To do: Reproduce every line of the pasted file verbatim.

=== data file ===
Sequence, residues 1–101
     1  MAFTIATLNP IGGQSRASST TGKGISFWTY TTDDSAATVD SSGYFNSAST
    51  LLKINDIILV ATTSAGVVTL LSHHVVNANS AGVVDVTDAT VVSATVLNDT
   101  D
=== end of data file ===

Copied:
Sequence, residues 1–101
     1  MAFTIATLNP IGGQSRASST TGKGISFWTY TTDDSAATVD SSGYFNSAST
    51  LLKINDIILV ATTSAGVVTL LSHHVVNANS AGVVDVTDAT VVSATVLNDT
   101  D